to decide that asbestos curtains could
not be relied upon to afford complete
protection.
Seven Requirements.
It was announced that every theater
must hereafter comply with the fol
lowing provisions before they would be
allowed to open:
Steel roll curtains: wide exits; no
combustibiles of any kind in the house
A Winter Vacation
on the Gulf Coast
The Gulf Coast offers many attractions to the winter
tourist; Pensacola, Mobile, Ocean Springs. Biloxt Pass Chris
tian, Bay St. Louis, New Orleans. Choice of routes, either
via Chicago or the "World's Fair-City," St. Louis. Why not
Investigate? Let us aid you.
TICKET OFFICES: 400 Robert Street and Union Dtpot.
llfsf F. M. RUGG, N. W. P. A., St. Paul, Minn.
Tho "Burlington Chicago Limited" daily at B*4o p. m.
month's treatment I am almost well, and
I know that another month's treatment
will entirely cure me. I have gained in
flesh wonderfully' and think there is no
treatment on earth that can compare with
it. You may use this letter in any way
you choose and hope it will be the means
of bringing others to you."
E. A. "Wallen, Finey. Mo.: "I was af
flicted with paralysis for over four years
and was treated by different magnetic
healers and other doctors and got no re
lief. I think your treatment is more than
you claim. They all say it was like bring
ing the dead to life to be restored to
health in such a short time. I cannot
praise you enough."
Doctors have sought out and brought the
very worst cases in the country to Prof.
Adkin, thinking they might baffle him, but
they have gone away convinced that he
uses some invisible power or force un
known to them. They cannot explain the
phenomena. Prof. Adkin is quite wealthy.
He lives in a fine home in an aristocratic
section of the city. He has a number of
business interests, but devotes most of
his time to healing: the sick. He offers
a certain amount of help to any one with
out money or price. All you need to do
is to call on him or write him. If you
write state the leading symptoms of your
trouble, your age and sex, and he will
write you fully in regard to the nature of
your disease, the length of time required
to effect a cure, &c, and tell you the ex
act treatment for your particular com
plaint. Prof. Adkin takes an intense de
light in curing cases that doctors have
given up to die.
lie disdains the use of Christian
Science, osteopathy, faith healing or drugs.-
He claims his method is scientific in the
highest degree, although scientists so far
have been utterly unable to- comprehend it.
One thing is sure, and that is he has some
mysterious knowledge;' "bffettf'Tw 1 process
by which he restores health to. people in
the very last stages of usually fatal dis
eases. Over twenty doctors have taken
up the study of his methods. Some are
staying right with him and daily witness
the remarkable cures he performs. Near
ly every train brings invalids to be healed
by his power. He gets an enormous mail
from persons in nearly all parts of the
globe. The most mysterious thing about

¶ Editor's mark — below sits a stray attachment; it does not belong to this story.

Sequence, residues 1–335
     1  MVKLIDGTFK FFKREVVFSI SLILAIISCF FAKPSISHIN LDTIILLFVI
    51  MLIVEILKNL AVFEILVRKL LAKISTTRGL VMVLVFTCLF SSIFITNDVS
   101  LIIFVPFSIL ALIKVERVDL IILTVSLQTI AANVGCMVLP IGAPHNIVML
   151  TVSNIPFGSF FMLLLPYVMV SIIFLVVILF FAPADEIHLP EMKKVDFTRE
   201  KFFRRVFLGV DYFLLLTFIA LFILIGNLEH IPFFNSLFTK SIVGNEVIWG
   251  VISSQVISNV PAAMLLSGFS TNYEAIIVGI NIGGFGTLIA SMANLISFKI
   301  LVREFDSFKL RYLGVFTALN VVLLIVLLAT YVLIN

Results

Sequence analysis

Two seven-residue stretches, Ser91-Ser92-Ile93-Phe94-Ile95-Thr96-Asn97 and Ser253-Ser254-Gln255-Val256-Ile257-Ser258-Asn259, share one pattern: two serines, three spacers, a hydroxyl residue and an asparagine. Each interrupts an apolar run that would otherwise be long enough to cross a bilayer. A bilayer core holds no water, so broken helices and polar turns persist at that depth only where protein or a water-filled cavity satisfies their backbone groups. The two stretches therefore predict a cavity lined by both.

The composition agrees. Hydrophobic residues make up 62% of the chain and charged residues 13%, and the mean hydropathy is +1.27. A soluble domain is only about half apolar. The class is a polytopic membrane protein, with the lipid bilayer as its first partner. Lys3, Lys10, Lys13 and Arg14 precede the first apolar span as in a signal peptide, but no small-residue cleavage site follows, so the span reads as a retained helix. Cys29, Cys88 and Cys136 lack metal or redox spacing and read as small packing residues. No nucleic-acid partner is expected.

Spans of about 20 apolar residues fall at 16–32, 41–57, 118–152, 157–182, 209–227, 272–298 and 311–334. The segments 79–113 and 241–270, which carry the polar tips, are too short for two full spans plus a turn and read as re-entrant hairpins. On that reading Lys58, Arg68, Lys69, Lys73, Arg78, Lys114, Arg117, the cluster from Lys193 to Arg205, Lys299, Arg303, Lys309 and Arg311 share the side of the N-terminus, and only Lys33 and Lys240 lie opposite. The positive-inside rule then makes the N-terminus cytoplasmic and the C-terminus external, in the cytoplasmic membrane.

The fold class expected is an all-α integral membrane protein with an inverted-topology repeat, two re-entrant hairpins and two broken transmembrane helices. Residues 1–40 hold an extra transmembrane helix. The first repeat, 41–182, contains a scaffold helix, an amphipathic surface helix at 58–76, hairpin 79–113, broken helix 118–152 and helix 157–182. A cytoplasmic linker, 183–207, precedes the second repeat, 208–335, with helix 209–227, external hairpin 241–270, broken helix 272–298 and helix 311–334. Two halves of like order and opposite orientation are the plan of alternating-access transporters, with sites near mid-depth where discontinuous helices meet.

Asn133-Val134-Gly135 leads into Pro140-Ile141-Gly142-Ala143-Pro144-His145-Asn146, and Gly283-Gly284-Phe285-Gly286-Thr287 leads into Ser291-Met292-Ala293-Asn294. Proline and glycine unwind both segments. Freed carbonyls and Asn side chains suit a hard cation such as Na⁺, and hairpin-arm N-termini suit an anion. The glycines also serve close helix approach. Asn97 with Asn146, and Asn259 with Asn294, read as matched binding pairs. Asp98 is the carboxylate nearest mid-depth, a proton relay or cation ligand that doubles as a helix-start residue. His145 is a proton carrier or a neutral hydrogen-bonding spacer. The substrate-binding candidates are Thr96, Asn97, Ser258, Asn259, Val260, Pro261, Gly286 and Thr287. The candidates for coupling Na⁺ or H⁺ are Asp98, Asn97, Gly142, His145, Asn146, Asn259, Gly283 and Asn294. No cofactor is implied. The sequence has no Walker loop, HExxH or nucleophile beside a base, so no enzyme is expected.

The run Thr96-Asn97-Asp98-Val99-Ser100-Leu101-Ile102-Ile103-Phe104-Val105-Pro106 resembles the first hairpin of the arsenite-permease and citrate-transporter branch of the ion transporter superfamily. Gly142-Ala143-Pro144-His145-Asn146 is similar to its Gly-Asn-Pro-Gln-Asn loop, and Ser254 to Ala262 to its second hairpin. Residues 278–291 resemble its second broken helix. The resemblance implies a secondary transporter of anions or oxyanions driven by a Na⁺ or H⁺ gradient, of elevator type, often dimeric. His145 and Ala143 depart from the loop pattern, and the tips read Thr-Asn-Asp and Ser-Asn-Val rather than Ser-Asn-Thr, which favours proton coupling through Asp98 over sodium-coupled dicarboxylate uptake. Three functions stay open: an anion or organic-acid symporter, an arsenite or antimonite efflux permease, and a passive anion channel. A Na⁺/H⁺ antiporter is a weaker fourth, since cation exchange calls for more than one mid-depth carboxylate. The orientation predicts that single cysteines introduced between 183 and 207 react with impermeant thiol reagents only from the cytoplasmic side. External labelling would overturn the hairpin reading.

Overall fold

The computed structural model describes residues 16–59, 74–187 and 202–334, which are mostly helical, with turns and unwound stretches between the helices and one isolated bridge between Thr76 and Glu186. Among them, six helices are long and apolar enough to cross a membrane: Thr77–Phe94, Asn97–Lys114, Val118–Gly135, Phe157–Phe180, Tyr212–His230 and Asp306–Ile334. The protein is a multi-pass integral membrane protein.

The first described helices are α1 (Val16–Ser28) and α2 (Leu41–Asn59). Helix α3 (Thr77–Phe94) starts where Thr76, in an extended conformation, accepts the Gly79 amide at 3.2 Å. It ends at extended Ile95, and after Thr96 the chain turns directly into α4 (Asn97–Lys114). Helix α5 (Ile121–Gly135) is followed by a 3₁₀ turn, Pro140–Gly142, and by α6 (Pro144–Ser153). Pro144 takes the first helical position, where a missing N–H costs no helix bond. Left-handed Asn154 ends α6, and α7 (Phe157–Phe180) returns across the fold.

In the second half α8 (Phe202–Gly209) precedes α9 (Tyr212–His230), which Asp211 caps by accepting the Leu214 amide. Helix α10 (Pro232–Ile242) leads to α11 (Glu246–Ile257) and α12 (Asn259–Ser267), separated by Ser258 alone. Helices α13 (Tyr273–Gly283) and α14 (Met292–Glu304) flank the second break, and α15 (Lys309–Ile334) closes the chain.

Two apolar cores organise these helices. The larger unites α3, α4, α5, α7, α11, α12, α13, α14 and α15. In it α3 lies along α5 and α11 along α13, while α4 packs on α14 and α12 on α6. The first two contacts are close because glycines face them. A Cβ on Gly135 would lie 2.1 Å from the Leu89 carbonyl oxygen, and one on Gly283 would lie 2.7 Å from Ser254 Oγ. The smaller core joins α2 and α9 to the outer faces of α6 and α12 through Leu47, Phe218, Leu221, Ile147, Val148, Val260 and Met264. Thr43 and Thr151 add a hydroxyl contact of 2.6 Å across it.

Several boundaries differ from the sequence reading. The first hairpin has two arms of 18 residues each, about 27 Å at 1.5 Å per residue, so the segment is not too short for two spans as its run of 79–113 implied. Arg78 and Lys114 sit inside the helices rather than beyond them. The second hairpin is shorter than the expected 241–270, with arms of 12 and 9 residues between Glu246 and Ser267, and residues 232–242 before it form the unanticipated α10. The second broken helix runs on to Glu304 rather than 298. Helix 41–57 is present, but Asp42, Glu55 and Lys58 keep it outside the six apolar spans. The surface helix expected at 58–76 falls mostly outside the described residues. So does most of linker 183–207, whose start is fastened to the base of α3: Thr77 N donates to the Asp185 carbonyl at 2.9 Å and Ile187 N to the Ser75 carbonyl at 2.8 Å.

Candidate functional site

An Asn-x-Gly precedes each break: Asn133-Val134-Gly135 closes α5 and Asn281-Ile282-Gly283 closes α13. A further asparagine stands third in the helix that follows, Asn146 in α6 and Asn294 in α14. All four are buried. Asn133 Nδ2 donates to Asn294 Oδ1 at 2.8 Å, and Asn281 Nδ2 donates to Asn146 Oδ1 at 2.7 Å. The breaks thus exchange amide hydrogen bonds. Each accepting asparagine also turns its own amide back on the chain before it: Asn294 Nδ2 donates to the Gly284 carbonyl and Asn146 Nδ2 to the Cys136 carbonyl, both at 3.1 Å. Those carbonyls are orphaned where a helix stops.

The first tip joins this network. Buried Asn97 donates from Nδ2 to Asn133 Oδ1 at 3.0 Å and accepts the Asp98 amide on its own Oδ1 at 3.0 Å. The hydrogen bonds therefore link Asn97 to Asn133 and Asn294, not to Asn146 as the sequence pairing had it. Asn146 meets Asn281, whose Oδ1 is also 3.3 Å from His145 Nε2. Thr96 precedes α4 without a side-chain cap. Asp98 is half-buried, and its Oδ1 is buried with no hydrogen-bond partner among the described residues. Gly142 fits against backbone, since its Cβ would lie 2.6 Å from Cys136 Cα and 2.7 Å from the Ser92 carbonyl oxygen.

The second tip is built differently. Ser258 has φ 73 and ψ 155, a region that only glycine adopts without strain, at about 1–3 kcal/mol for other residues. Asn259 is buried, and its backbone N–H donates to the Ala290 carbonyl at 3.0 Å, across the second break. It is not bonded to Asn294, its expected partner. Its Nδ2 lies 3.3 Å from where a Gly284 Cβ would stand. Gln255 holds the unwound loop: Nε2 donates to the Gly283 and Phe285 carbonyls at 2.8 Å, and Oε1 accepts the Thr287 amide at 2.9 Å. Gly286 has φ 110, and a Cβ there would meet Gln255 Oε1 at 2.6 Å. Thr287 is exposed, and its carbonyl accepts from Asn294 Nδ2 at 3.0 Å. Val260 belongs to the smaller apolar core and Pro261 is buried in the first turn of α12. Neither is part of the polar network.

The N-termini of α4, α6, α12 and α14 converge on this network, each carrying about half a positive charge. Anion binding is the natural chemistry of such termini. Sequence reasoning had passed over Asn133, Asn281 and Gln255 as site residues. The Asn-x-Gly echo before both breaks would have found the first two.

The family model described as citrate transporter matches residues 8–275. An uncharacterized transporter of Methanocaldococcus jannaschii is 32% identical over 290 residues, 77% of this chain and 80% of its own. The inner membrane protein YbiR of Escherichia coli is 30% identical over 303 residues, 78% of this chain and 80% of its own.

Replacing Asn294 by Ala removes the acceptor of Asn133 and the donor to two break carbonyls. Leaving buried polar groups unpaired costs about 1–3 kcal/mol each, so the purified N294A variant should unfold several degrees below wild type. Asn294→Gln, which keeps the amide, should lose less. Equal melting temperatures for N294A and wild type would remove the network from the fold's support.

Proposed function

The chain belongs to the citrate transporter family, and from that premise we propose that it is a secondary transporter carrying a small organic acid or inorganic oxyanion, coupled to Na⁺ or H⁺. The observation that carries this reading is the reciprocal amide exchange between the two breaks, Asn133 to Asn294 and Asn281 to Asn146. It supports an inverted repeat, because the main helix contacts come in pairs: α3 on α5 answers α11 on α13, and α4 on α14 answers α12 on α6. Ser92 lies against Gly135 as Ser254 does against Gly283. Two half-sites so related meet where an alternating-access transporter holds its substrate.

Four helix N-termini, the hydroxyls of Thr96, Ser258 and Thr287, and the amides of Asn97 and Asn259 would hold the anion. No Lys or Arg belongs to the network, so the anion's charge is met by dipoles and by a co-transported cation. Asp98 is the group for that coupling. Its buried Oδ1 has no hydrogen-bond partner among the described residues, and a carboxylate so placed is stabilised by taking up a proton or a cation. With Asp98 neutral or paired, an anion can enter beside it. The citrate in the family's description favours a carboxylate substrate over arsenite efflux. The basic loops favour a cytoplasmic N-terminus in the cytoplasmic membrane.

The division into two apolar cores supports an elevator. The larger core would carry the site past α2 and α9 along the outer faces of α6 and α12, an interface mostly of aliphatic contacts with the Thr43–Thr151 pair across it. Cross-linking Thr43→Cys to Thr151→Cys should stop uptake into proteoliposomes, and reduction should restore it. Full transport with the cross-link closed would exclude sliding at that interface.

his whole work is his ability to heal at
a distance, but there is no lack of proof
that he does heal thoqe thousands of miles
away the same as those who* call person
ally. This would seem to.jjrove beyond
doubt that thought, will-power or some
mysterious, intangible force can be sent
through space the same as we are now
able to telegraph without wires; but how
this force takes hold and quickly rids
the bndy of' material disease is totally
Inexplicable. In some cases Prof. Adkin
si nda a peculiar magnetized food product
in concentrated form, which, he claims,
immediately revitalizes the whole system.
What his food product is, how he makes
it, or charges It with magnetic fluid, is
his secret. Doctors and scientists are
vainly puzzling their brains trying to dls
coVer it. Those who are sick and would
like to be healed may communicate with
Prof. Adkin by addressing him as follows:
Thomas P. Adkin, Box 834-B, Rochester,
N. Y. Rich and poor alike receive the
same courtesy. He has an extremely af
fable manner, but Is intensely earnest in
everything he does. Leading business men
and bankers speak very highly of him
and some say that he has done more for
the upbuilding of the city than any other
man in Rochester.
furnishings; fireproof scenery; no cal
cium or "spot" lights to be used; sky
lights above the stage provided »w?!h
automatic lids to permit the egress of
smoke, flre and gas; separate stairway
for each balcony.
After issuing this order, Mayor Har
rison said:
"I do not wish to assume responsi
bility for these theaters. The order
was issued to make it certain that no
precaution to insure the safety of audi
ences had been neglected. It is proba
ble that the owners of the theaters
may sustain serious financial loss, but
in view of the condition of the play
houses we cannot take any risk, and
if the law had been fully complied with
In the hrst place there would have
been no question of closing them now.
The Auditorium, which is the only
theater left open in Chicago, has a
steel roll curtain, and as this seems